Match's Mods: Make your own custom flashlight (no lathe!)


Tired of always going to a party and someone else there has the same flashlight as you? Do you like bling but don't have the ching? Got an afternoon to spare? Read on...

(Quick summary: Here's how to make your own custom flashlight host using only a drill, hacksaw, sandpaper/file, and time)

Prologue: The plan here is to make a custom flashlight out of nothing more than 3/4" copper pipe and some spare parts using only hand tools, and without the use of a lathe. The end result won't have square cut threads, deep knurling, or an attack bezel, but will look like no other while being compact and have excellent heatsinking (and cost < $20 in parts).

So, the other day I was sitting around looking at my parts box. Flashlights are a fairly recent hobby of mine, but I noticed I've already amassed a bunch of little odds and ends. What better way to put them to use than to make something new! The only piece I had to buy was a length of copper 3/4" copper pipe from the local hardware store. For @$5 I got a couple feet of the stuff...more than enough to make a few mistakes and hopefully one or two good bodies. Wanting to give you folks a build that didn't require a lathe, the tricky part was going to be the head and tail, and consequently, how to get the batteries in and out. Let's start with the head:

I had in my box of wonders a brass nut. By threading it onto a bolt and chucking it up in my cordless drill, I was able to use a hand file to quickly bring it down to the correct diameter to fit inside the pipe. A dremel tool took care of the threads on the inside, and then a hacksaw separated my new bezel. This step actually went pretty fast, as brass is a wonderful material to work with. While filing down the nut, perform a fit-check every so often with the copper pipe. The idea is for it to be a very very tight fit. For example, when I was done I coated the outside of it with a thin layer of epoxy and then had to use small taps from a hammer to get it to seat in the end of the pipe.

Let's move onto the other end...the switch:

The pieces above comprise of a spare clicky switch (everyone has a few, right?), boot, and the SS retaining ring. Notice the tiny hole in the stainless steel ring...It is for a 6/32" set screw, which is how all of this is going to be put together. Unfortunately, I didn't have another brass ring, so I was stuck using what I had. That ring was made exactly the same as the one for the bezel, but took much much longer. Note that it is much wider than the brass bezel ring...this is to allow for the set screw. The brown ring acting as a spacer around the switch is actually a leftover maglite part:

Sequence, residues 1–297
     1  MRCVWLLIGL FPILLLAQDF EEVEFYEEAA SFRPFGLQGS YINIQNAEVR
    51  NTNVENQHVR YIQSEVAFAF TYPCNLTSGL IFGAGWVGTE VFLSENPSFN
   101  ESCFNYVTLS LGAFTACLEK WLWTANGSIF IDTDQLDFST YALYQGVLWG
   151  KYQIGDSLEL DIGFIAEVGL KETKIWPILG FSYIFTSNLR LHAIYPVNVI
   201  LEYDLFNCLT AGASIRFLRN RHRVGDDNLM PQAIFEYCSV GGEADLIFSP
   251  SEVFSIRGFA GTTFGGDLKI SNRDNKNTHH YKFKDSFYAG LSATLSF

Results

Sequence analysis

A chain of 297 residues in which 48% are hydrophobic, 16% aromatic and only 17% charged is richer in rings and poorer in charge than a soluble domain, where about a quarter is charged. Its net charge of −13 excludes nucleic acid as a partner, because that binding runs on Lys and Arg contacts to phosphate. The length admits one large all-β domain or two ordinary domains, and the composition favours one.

It was the leftover bulb tower off of my old C mag from one of my very first mods. As you can see in the above pictures, the part needed is the ring around the base. Once again, file the outer diameter until it slides easily into the copper pipe, then separate using a hacksaw. If you look at the picture above were it is installed on the switch, you'll see a tiny notch. There's actually one on each side, which allows for clearance around the switch solder joints.

The neat thing about using the copper pipe is not only will it provide outstanding heatsinking, but a P60 pill will drop right in! In practice, it's actually a bit too loose, and needs to have a wrap or two of AL or CU foil around it. Also this is an ideal use for a TIR lens, since it too fits perfectly into the pipe and is retained by the homemade bezel.

The TIR lens's can be purchased from for @ $1.30ea. This is what I originally used, but here's where I deviated from my own build. I've had an extra warm triple xp-g and custom copper heatsink that I made sitting around from when I was playing with the mini-match builds. I've been wanting to use this in a light for quite some time now, so it got the nod here. Note though, the P60 pill+TIR lens combo works quite well. With that out of the way, let's take a look at the components and how they'll all go together:

First, accurate measurements must be made and the copper pipe cut to correct length. Mine came in at 108mm. Also, now is a good time to perform the initial sanding. I used 320, 400, 600, 800, then 1000grit wet sandpaper. Conveniently enough they sell this as a variety pack dirt cheap at the local auto parts store in the paint section.

Above you can see how it looks after the initial sanding, and then how it looks just before final polish. The pill should be a snug fit yet still slide into the body from the tail and come to rest against the bezel. Here is where I used an 18650 battery with the ends taped up to help determine where I needed to drill the set screw hole. Basically I assembled everything, then marked, drilled, and tapped.

After a quick rubdown with metal polish, then a sealant wax, the body is basically finished. No, battery changes won't happen on the fly, and if you don't have an allen wrench with you it won't happen at all. Suprisingly though, using a setscrew to retain the end isn't as cumbersome as I was worried it may be. The tailcap spring helps push everything out once the screw is removed, and once the battery is swapped, it also helps provide reverse pressure as everything is pushed back in and the setscrew re-installed. (Note to self- not sure if my description of this process is coming across correctly...It's late, and these microbrews are tasty... if need be, I'll fix the description in the morning).